A Blessing and a Curse

Tony Shalhoub as Monk

If you were a fan of the TV show “Monk”, as I was, you will recognize the phrase “a blessing and a curse.” It’s how the title character, a brilliant detective with phenomenal observational and deductive powers, described his talent.

I recently found myself in a blessing/curse situation. I was asked by my professional association, the National Association of Professional Organizers (NAPO), to record a class that would become part of a new certificate program. I had delivered this class at the NAPO conference back in 2010. It was recorded at the time, but due to contractual arrangements, NAPO did not own the recording. In order to provide access to the course through the NAPO website, it would need to be re-recorded.

I was honored to be asked to record my class. I knew that the NAPO Education Committee had listened to dozens of past recordings to find content suitable for the new certificate programs. I was excited that my class had been selected and that it would be prominently available to my colleagues. Plus, to sweeten the deal, I was even being paid for it.

That’s the blessing. So what was the curse?

Recording a class that I delivered 6 years ago was going to require some effort. I had to find the slides and the notes, listen to the original recording, incorporate any changes based on the comments and questions that people made, and then practice. Plus I had to get comfortable with the technology needed to record the class and advance my slides at the same time.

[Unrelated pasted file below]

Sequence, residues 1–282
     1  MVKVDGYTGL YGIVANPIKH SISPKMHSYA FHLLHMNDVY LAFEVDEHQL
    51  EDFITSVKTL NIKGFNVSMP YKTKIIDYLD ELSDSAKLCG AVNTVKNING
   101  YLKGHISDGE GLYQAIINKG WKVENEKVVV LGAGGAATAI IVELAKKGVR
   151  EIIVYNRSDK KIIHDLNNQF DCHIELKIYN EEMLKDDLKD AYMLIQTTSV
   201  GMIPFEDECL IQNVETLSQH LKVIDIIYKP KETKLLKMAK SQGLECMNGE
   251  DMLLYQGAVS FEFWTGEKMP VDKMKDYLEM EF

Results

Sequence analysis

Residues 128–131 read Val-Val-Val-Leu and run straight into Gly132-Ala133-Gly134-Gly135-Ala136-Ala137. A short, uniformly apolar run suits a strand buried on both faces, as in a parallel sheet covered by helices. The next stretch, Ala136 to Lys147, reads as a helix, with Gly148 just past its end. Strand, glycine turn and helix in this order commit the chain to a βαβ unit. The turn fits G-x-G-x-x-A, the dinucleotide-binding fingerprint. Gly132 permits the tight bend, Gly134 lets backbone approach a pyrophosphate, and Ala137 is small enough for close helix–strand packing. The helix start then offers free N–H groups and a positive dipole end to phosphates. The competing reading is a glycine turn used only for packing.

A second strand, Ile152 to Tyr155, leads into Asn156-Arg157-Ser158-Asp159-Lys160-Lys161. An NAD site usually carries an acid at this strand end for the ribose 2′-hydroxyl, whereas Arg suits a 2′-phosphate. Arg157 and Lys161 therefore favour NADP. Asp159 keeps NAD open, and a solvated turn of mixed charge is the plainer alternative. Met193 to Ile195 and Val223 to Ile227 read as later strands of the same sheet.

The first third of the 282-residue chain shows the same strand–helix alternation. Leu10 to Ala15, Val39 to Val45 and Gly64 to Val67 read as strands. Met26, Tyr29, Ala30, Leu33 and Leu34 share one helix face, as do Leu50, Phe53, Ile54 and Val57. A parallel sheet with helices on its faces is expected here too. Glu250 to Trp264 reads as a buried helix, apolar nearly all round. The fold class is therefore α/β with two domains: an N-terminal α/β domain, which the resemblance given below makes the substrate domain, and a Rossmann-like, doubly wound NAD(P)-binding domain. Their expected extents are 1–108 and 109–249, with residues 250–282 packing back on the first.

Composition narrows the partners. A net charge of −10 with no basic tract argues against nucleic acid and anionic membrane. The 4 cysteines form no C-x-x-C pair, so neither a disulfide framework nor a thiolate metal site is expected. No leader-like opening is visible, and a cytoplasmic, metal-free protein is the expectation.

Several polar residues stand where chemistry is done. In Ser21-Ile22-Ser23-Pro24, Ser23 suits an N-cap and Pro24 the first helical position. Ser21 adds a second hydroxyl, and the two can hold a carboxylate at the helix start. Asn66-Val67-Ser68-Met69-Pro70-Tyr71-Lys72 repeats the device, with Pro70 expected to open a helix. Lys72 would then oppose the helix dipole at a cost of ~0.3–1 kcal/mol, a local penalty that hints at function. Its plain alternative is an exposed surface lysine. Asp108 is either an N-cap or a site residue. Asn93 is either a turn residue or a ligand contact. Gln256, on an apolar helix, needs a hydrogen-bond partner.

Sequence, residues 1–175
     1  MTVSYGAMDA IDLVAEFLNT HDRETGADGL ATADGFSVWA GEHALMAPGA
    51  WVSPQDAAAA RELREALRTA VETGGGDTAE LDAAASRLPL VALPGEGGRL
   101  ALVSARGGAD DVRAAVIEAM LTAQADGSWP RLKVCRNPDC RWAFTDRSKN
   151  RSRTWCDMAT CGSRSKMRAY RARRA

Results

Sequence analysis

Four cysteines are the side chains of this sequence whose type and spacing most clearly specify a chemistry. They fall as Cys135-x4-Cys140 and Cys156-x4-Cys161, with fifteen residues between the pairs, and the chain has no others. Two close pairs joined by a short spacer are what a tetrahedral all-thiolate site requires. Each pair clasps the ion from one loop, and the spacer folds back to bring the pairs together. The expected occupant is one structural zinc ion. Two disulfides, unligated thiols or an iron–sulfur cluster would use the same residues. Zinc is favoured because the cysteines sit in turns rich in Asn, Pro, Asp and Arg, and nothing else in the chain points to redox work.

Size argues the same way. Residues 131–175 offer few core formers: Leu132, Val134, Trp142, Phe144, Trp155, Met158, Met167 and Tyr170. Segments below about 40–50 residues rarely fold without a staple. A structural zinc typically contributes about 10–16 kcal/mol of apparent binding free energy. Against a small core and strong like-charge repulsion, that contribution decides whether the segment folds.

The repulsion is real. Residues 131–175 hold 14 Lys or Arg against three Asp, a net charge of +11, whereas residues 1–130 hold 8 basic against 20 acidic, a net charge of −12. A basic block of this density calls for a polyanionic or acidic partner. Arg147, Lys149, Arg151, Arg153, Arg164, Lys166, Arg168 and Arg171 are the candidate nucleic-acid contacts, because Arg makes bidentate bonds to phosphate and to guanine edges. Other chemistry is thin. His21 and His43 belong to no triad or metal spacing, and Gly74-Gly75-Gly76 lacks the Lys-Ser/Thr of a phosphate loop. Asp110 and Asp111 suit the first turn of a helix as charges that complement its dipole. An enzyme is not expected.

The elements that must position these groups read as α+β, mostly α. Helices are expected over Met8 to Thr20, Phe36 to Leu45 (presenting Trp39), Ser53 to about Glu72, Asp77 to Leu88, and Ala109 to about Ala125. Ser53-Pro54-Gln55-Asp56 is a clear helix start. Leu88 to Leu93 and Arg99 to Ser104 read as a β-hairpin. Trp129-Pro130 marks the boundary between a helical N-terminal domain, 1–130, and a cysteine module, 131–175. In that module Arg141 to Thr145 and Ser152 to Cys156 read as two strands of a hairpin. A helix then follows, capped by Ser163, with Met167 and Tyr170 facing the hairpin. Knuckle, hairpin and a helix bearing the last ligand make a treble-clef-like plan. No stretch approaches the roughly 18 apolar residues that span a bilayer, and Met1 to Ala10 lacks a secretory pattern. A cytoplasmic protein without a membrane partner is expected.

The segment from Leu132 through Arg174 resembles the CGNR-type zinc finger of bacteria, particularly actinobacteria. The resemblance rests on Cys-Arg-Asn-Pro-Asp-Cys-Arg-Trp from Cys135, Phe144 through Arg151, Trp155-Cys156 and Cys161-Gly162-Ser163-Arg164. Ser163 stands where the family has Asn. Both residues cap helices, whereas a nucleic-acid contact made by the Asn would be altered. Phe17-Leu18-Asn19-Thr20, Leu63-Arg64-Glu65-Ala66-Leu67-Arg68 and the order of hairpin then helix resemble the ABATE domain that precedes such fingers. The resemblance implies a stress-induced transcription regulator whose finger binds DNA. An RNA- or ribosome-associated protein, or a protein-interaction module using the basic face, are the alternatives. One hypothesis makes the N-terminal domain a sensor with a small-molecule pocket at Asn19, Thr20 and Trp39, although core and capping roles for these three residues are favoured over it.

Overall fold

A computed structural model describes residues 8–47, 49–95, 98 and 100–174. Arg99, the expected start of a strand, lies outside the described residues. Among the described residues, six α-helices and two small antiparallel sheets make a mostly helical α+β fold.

At first, my problem was lack of time. But once my busy schedule cleared up a little, I still found myself procrastinating on this project. I help people with time management, so I know the reasons why people procrastinate. And this situation seemed to touch on many of them:

  • Feeling that the task is too large
  • Fear of failure
  • Perfectionism
  • Intimidated by technology

I broke the project down into smaller steps so that I could tackle them one at a time, but even that didn’t help me to get it done.

Finally, I resorted to a technique that has worked for me in the past: I set myself a deadline. (See my earlier post, In Praise of Deadlines). In addition, I made this deadline public by notifying my contact at NAPO headquarters, who needed to reserve the recording system for me.

I finally recorded the class last week. It went more smoothly than I expected. But without the comments and questions of a live audience, it was shorter than I wanted it to be. So I spent even more time on it, adding more value to the presentation. I just recorded it again today. It feels great to finally get this monkey off my back!

As a Professional Organizer, it’s embarrassing for me to find myself in the same situations for which I help my clients. But it helps to remind me that we are all human and subject to the same pressures and anxieties.

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